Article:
Black Lawrence Press

The New Sorrow Is Less Than the Old Sorrow

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from The New Sorrow Is Less Than the Old Sorrow

many, many times I answer to the succinct question how often have you? the rational subjectively. of all lungs that inhale antecedent.  a number of options loiter on counters. sweet, time-bruised plums. not decisions but placeholders. if enough, is not enough, written-out fog, carefully plucked. yes. plucked fog. I dare you. throw water against your heart as if that dragnet of emotions were a cliff. then master it.

Praise

  • Jenny Drai’s The New Sorrow Is Less Than the Old Sorrow is magic. Here the sources of the self (the selves) and the sources of love (loves) open and sing and challenge themselves. This poet renews rituals, this poet renews language.
    —Joseph Lease
  • Jenny Drai’s work asks that the reader “throw water against your heart as if that dragnet of emotions were a cliff. then master it.” Reading these poems is the experience of puzzling with, even throwing oneself against, glass. Each shard is ripe with danger, and yet a whole picture will emerge, deftly and with booming imagination, if you choose to engage with the elements of this language. What I love most about Jenny Drai’s work is her faster-than-light, almost synesthetic switches. Poems that seem to be telling a love story are in fact heralding in a new color of visible light. And, of course, this teaches us what love really is.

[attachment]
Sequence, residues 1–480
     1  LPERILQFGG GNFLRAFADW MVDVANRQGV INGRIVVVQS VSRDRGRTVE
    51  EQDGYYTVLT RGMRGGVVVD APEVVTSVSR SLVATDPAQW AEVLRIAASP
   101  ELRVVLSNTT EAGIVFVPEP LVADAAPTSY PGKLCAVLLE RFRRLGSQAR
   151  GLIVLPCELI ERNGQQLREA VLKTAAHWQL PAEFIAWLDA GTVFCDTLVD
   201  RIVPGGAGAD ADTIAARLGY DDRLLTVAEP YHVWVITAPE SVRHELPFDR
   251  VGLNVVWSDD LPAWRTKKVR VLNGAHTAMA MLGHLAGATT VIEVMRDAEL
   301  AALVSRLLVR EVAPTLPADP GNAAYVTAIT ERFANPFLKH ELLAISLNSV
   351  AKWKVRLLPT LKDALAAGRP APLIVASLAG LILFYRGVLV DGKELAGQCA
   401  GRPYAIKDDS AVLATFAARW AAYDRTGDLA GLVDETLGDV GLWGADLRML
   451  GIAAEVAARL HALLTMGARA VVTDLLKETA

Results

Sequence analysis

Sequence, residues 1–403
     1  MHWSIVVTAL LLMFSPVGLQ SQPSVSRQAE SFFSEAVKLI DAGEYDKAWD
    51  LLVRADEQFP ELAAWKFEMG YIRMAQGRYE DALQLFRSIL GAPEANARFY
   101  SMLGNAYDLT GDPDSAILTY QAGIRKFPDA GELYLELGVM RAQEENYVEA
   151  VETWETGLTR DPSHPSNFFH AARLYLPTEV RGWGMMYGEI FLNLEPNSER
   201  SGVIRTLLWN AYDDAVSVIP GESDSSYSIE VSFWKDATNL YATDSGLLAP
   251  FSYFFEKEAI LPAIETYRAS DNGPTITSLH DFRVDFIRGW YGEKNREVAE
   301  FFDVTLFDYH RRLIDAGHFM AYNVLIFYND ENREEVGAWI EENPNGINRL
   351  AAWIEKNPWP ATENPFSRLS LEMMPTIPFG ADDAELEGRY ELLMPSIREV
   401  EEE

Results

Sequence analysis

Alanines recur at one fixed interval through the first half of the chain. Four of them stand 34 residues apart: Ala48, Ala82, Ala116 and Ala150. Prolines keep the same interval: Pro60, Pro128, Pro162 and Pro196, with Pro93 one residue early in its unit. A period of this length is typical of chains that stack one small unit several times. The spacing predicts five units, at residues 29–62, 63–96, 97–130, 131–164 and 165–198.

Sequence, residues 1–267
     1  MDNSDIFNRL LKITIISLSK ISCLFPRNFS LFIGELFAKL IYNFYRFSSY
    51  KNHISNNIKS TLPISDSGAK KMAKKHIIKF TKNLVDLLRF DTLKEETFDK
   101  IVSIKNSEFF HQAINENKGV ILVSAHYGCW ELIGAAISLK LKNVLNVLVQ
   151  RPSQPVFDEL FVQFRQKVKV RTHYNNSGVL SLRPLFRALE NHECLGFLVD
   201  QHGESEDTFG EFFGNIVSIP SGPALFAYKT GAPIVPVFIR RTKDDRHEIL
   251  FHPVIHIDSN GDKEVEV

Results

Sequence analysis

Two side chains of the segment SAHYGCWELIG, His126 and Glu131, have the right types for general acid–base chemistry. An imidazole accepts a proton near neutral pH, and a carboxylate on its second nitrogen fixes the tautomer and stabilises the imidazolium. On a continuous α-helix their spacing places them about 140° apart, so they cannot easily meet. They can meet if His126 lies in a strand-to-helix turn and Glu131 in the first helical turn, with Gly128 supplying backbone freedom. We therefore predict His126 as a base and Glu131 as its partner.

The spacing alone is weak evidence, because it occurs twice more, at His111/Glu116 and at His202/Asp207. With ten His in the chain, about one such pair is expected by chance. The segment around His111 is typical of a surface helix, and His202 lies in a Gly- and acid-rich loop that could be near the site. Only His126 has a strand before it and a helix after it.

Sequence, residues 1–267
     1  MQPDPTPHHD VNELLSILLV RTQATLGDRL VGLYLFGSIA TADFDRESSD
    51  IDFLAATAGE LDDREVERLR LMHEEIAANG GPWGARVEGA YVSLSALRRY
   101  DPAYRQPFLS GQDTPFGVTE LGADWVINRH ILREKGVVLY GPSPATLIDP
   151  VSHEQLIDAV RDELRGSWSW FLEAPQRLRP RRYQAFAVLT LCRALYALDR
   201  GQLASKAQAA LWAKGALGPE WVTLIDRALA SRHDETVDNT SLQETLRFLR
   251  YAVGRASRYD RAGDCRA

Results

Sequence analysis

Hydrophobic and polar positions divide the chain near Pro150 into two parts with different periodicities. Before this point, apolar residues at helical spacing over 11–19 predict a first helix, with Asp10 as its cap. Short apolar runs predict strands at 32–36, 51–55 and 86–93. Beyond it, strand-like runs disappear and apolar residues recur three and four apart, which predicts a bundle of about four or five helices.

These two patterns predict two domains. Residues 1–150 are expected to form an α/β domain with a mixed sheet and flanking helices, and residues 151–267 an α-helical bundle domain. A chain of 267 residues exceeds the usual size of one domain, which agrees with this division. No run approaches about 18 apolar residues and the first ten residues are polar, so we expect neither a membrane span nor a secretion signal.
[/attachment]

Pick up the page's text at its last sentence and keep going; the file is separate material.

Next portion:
—Emily Kendal Frey
  • Jenny Drai’s The New Sorrow Is Less Than the Old Sorrow is one of those vibrating works that somehow find electrical current to the light bulbs in your memory that have long lost their incandescence. The warmth from those burning pears can warm the dark forgotten corners of your past, but they can also bathe old haunts with cold remembrances. They can even startle you and make you laugh out loud at your own surprise.

    I’ve never read a book of poetry that has so closely resonated with me, and I've never been more convinced that there is a Werther and an old Goethe in us all.
    —Jack Morgan

Jenny Drai

Jenny Drai studied German language and literature as an undergraduate, after which she lived in Munich for several years, working various odd jobs, including Au Pair, English tutor, and cleaning woman.  After her return to the United States, she obtained an MFA in Poetry from Saint Mary's College of California.  She is the author of Letters to Quince (winner of the Deerbird Novella Prize from Artistically Declined Press, 2015) and a full-length collection of poetry, [ the door ], (Trembling Pilllow Press, 2015).  Another chapbook, : Body Wolf :, appeared recently from Horse Less Press.  Her poetry has appeared in numerous online and print journals, including American Letters & Commentary, New American Writing, the Volta, Handsome, and Jellyfish.  She is currently at work on a novel.

Drai © Steven Meredith Author page

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